8. Look for a mentor.

The nicest part about having a mentor is that they can help you solve challenges. The mentor can help you manage your money and customers, as well as connect you with vendors and investors. 

9. Hire brighter and more talented people than yourself.

This is the long-term solution to any micromanagement issues you may encounter. You can trust people who are smarter and more talented than you to handle any assignment without your supervision. This frees up time for you to concentrate on expanding your contractor business. Plus, you'll pick up a lot of useful information from them.

10. Keep a close eye on your finances.

Many construction companies fail because they are unable to afford the costs of their overheads. That means that before you accept a job, you must pay special attention to overhead costs and be aware of any additional fees. When submitting bids, consider the project costs, primarily materials and labour, and provide a ballpark estimate to the customer.

Creating a budget is another technique to manage overheads. This will help you to track how much money comes in and how much money leaves your account. If your outgoings exceed your inflows, you'll need to make some adjustments, such as eliminating unnecessary spending and raising your rates.

When planning your finances, make sure you don’t cut costs from the wrong places.

For instance, many businesses may be tempted to reduce their insurance costs in a bid to enhance profitability.

But even the most seasoned and reputable businesses may need to deal with insurance claims from time to time. Don’t skip the public liability insurance, which protects you against potential legal, financial, and reputational harm.

11. Stand apart from the crowd.

Is your company specialised in some way, or does it cater to a specific market? Then make the most of what distinguishes your company from others in the area. It might simply be your capacity to give services tailored to offices rather than residential premises, as opposed to other contractors who only work on residential homes.

Make sure that you offer a healthy mix of items and services. Niche markets can provide you with a competitive advantage and help you stand out, but they aren't usually as huge as enterprises that reach a broad audience.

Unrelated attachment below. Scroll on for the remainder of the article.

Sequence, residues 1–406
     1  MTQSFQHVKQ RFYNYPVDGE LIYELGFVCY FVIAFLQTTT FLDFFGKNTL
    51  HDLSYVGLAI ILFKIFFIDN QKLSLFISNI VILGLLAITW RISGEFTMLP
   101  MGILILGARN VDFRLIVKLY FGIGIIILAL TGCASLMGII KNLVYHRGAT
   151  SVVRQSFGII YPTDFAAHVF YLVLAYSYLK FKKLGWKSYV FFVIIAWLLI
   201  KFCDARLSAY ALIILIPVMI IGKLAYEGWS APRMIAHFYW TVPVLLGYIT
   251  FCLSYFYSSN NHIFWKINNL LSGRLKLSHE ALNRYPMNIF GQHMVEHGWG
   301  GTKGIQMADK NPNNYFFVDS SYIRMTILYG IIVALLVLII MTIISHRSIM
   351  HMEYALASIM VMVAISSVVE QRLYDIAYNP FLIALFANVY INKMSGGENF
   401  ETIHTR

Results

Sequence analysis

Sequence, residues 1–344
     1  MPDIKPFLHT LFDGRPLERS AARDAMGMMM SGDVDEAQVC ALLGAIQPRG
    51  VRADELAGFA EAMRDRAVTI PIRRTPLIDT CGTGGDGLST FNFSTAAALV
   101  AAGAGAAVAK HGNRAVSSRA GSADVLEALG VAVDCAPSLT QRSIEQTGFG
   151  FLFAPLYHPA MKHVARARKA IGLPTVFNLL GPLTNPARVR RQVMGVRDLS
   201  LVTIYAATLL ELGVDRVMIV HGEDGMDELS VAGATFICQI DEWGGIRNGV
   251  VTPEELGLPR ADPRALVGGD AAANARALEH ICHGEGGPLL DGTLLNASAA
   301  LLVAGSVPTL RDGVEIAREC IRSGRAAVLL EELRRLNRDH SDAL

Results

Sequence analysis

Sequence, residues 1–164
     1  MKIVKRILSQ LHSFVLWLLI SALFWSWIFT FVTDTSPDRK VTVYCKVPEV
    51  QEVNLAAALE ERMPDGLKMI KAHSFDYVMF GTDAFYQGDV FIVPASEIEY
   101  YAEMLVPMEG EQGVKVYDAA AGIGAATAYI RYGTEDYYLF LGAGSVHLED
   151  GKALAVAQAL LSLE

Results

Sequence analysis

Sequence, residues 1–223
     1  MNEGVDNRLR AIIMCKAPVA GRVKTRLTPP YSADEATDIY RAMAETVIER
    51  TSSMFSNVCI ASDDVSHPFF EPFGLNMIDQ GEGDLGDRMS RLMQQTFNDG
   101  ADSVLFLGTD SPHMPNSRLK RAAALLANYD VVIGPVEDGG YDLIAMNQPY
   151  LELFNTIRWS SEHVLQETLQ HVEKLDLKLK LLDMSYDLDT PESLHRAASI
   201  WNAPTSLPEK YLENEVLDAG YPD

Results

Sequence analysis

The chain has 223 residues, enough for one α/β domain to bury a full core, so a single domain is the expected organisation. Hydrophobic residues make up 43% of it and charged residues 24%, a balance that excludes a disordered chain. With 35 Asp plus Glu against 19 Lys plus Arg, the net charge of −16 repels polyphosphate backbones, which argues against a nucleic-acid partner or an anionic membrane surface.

12. Select the most deserving customers.

I wouldn't advise turning a consumer away. However, the harsh reality is that some clients are superior to others. Is it really worth going after a deadbeat customer who only wanted some minor contracting work for a few hundred dollars? Or would you prefer to acquire a large job from a client who pays you in advance?

Always remember that you want clients that provide you with a good return on investment, not those who cause you problems. Learn how to recognise these consumers before agreeing to a job to save yourself the trouble. For example, you could ask some of your coworkers if they've ever worked with this particular customer. Customers who are nasty or aggressive to you or your team from the start or refuse to offer you a down payment are also signals of problems.

13. When necessary, outsource.

Here are a few realities that you must accept: A day is made up of only 24 hours. You aren't flawless, either. Once you realise this, you can begin outsourcing specific activities to lessen stress and focus on slowly building your firm. Accounting, for example, can be frustrating and time-consuming. So, why not hire a freelancer or a CPA to handle all of your bookkeeping and accounting needs?

14. Be ready for anything.

Being prepared, regardless of the size of your company, can make or destroy you. However, for contractors, it's the tiny things that determine whether you’ll be a success. After all, efficiency and profitability are dependent on being well-prepared.

Let's imagine you're almost finished with a bathroom remodel and discover that you're missing a $5 element that you need to finish. Because you have to overnight it, that part can now run you back a couple of hundred dollars. Even a quick trip to the hardware store is time and money consuming. And, because it wasn't included in the original quote, you'll probably have to eat that cost.

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You can't plan for every eventuality, but read over your proposal before getting started to ensure that you have everything you need to do the work.

15. Don't be frightened to stay small.

Many contractors find themselves in this middle ground, where they are obliged to hire additional workers because they can't handle the demand, yet their revenues aren't increasing. It's more convenient for many contractors to maintain smaller entities. This can be a good thing because it preserves a positive cash flow by keeping expenses to a minimum. Because the task is easier to handle, being small also decreases stress.